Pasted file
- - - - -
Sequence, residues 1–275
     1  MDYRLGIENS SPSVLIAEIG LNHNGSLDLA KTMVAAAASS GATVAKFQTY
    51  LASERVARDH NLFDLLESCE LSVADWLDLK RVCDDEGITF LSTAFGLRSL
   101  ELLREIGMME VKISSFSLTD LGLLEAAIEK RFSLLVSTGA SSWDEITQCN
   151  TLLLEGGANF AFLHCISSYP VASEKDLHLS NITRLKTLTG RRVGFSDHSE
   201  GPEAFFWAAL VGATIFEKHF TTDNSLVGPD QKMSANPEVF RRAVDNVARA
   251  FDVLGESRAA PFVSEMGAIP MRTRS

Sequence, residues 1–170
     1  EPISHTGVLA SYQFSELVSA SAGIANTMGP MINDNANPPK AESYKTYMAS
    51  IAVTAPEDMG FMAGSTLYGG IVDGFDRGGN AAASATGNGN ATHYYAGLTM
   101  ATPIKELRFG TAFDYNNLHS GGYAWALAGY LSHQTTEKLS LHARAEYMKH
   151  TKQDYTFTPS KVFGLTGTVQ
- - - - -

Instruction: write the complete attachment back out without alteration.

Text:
Sequence, residues 1–275
     1  MDYRLGIENS SPSVLIAEIG LNHNGSLDLA KTMVAAAASS GATVAKFQTY
    51  LASERVARDH NLFDLLESCE LSVADWLDLK RVCDDEGITF LSTAFGLRSL
   101  ELLREIGMME VKISSFSLTD LGLLEAAIEK RFSLLVSTGA SSWDEITQCN
   151  TLLLEGGANF AFLHCISSYP VASEKDLHLS NITRLKTLTG RRVGFSDHSE
   201  GPEAFFWAAL VGATIFEKHF TTDNSLVGPD QKMSANPEVF RRAVDNVARA
   251  FDVLGESRAA PFVSEMGAIP MRTRS

Sequence, residues 1–170
     1  EPISHTGVLA SYQFSELVSA SAGIANTMGP MINDNANPPK AESYKTYMAS
    51  IAVTAPEDMG FMAGSTLYGG IVDGFDRGGN AAASATGNGN ATHYYAGLTM
   101  ATPIKELRFG TAFDYNNLHS GGYAWALAGY LSHQTTEKLS LHARAEYMKH
   151  TKQDYTFTPS KVFGLTGTVQ